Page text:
The EPS growth tells a similar story between both of these companies. Yum! has been able to grow earnings per share in the double digit range every year (including estimates), except 2012. McDonald's has done the same -- including the dismal 2012 EPS growth -- with the exception of 2013's estimate, where the growth is expected to be 8.6%. Again, in the growth department, Yum! takes home the hardware. But remember, the two companies are different breeds, and it doesn't necessarily mean one is better than the other.

Before getting into valuation, I want to look at the cash flow statement. The cash flow statement is important because it shows how much a company actually makes. With these figures, it is easy to find the efficiency of each company. Investors will argue that Cash From Operating Activities is more important than Net Income, and vice versa. For simplicity and convenience, I will include both, starting with net income over the previous four years (2008-2011). Below, the cash flow analysis:

Net Income (In Millions):

Year

MCD ($)

Change (%)

YUM ($)

Change (%)

2008

4,313

N/A

972

N/A

2009

4,551

5.5%

1,083

11.4%

2010

4,946

8.7%

1,178

8.7%

2011

5,503

11.3%

1,335

13.3%

Cash From Operating Activities (In Millions):

Year

MCD ($)

Change (%)

YUM ($)

Change (%)

2008

5,917

N/A

1,538

N/A

2009

5,751

(2.8)%

1,421

(7.6)%

2010

6,341

10.25%

1,968

38.5%

2011

7,150

12.75%

2,170

10.25%

As you can see above, McDonald's seems to be the more consistent company, while Yum! is the more volatile company. This isn't necessarily a bad thing. Think of it from a Microsoft versus Apple standpoint. Apple is much more volatile, but has more growth. Microsoft is more consistent, thus less volatility, but doesn't present the growth than Apple does.

When analyzing the net income, the two companies appear very similar. In 2010, both companies grew net income by 8.7. Then in 2011, both grew by double digits, 11.3% for McDonald's and 13.3% for Yum!, respectively.

Looking at the Cash From Operating Activities, both companies lost traction in 2009, with McDonald's figure shrinking by 2.8% from the year before, while Yum! declined by 7.6% from the previous year. Aside from that, the huge figure that stands out is the 38% growth Yum! posted in 2010. In 2011, the companies balanced out to a more normal figure, with McDonald's growing 12.75% and Yum! growing 10.25%, respectively.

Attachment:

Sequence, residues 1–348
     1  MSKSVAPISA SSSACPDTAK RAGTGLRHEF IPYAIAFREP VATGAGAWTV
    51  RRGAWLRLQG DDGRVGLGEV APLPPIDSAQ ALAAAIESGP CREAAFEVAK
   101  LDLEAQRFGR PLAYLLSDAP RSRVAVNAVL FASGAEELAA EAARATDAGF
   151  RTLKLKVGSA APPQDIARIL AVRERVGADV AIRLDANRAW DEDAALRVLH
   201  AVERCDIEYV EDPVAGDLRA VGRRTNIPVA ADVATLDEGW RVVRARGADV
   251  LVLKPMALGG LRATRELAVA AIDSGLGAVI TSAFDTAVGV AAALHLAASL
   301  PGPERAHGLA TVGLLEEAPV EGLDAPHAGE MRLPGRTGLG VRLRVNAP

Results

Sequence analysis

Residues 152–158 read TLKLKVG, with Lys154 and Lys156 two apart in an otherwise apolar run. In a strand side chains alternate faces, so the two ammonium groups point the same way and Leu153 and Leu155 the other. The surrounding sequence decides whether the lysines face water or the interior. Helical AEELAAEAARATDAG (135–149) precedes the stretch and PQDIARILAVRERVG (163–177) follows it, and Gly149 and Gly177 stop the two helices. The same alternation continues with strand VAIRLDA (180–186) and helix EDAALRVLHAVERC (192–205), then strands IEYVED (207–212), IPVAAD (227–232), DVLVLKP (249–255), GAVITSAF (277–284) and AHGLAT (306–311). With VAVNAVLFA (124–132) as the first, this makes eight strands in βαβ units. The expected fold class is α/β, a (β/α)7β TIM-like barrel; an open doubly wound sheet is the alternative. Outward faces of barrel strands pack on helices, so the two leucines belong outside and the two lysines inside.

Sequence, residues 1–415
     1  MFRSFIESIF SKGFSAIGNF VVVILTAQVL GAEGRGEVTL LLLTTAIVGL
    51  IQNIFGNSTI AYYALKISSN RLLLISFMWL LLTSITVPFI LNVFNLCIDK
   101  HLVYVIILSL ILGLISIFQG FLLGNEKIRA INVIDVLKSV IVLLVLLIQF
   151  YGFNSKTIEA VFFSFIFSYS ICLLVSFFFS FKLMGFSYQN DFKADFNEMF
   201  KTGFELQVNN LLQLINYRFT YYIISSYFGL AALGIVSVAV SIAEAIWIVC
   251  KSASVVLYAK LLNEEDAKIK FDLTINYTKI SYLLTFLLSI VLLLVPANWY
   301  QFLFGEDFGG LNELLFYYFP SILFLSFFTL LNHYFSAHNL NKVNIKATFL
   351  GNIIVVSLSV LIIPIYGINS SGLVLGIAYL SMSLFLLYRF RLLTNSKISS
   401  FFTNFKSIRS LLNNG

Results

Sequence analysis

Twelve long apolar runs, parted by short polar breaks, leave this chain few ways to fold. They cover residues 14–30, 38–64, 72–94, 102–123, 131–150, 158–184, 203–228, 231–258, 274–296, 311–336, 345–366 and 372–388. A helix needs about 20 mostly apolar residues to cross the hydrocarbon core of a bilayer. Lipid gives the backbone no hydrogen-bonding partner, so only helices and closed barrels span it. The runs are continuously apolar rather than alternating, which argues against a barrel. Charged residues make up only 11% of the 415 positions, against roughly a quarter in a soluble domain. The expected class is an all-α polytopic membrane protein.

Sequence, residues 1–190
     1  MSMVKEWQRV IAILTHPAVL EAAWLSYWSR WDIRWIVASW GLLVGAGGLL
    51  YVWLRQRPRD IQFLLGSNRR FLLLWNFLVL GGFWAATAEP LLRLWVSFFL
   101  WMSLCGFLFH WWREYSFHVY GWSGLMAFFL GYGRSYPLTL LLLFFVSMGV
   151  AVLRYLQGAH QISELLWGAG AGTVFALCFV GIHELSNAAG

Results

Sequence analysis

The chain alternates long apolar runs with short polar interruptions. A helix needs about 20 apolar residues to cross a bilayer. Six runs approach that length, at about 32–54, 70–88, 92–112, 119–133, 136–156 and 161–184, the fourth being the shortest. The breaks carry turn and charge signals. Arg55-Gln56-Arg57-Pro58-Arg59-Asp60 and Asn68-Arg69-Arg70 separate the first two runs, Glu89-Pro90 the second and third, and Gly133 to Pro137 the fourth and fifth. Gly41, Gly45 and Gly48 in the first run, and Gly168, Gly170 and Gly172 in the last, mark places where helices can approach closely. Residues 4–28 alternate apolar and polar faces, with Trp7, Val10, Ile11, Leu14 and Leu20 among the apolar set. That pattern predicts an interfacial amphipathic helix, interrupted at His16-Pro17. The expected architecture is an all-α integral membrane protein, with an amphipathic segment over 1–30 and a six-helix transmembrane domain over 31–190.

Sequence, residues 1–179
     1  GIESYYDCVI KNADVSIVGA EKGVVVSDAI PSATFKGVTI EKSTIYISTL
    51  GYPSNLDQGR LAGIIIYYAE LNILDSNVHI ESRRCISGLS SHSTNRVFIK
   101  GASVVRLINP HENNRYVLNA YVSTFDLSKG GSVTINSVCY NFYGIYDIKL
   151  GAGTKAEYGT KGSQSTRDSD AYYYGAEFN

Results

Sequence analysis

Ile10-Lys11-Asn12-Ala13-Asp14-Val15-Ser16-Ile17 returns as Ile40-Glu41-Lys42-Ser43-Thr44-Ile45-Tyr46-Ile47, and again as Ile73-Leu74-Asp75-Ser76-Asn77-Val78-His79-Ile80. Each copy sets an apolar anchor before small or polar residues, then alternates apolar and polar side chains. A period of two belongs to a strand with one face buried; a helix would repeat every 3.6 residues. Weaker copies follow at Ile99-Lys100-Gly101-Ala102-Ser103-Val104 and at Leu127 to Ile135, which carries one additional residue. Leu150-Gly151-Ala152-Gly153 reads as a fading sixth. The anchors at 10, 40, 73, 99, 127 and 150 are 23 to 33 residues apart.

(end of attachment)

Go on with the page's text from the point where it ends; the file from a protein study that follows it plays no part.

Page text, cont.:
So how much do these companies cost? Of course, I don't just mean with respect to dollar cost, but how much are these companies from a valuation standpoint? In the following paragraphs, I will analyze the P/E ratio for future estimates -- as well as the trailing twelve month (ttm) P/E ratio -- while also looking at the PEG ratio, which takes into consideration the valuation, relative to growth. Below, we'll start with the P/E ratios.

Year

McDonald's

Yum!

(TTM) P/E Ratio

17.25

19.25

2012 P/E Ratio

17.3

20

2013 P/E Ratio

16

18

2014 P/E Ratio

14.4

15.6

Note: The 2012, 2013 and 2014 P/E ratios are based off on fiscal years 2012, 2013, and 2014, not the calendar years.

As you can see on the table above, McDonald's is cheaper based on valuation, in any time frame present. But, again you must remember, Yum! has more growth, thus giving it a higher P/E ratio. While McDonald's may be cheaper than Yum! from a valuation point of view, it doesn't mean that Yum! is necessarily expensive. It still sports relatively low P/E ratios, considering the future growth that it represents.

That's why we're also going to look at the PEG ratio, which measures the valuation relative to the growth. We already know McDonald's is cheaper, but perhaps not when you consider growth in the equation. The PEG ratio is derived by dividing the P/E ratio by the annual EPS growth, which we calculated earlier. A measurement of 1 would suggest that the stock price is trading at fair value when considering its future growth. A measurement under 1 would suggest an undervalued stock, while a reading over 1 would suggest an overvalued stock. Below is the PEG ratio for 2013, 2014 and 2017:

Time Frame

McDonald's

Yum!

1-Year PEG Ratio

1.86

1.58

2-Year PEG Ratio

1.35

1.02

5-Year PEG Ratio

2.01

1.50

Note: The 5-year PEG ratio was taken from Yahoo Finance.

Although McDonald's appears cheaper from a valuation standpoint, it's not when you consider the future growth. While both stocks trade at a relatively overvalued state, Yum! is cheaper, especially when looking at the 2-year time frame, where it has a PEG measurement of 1.02, suggesting the stock price is fairly valued.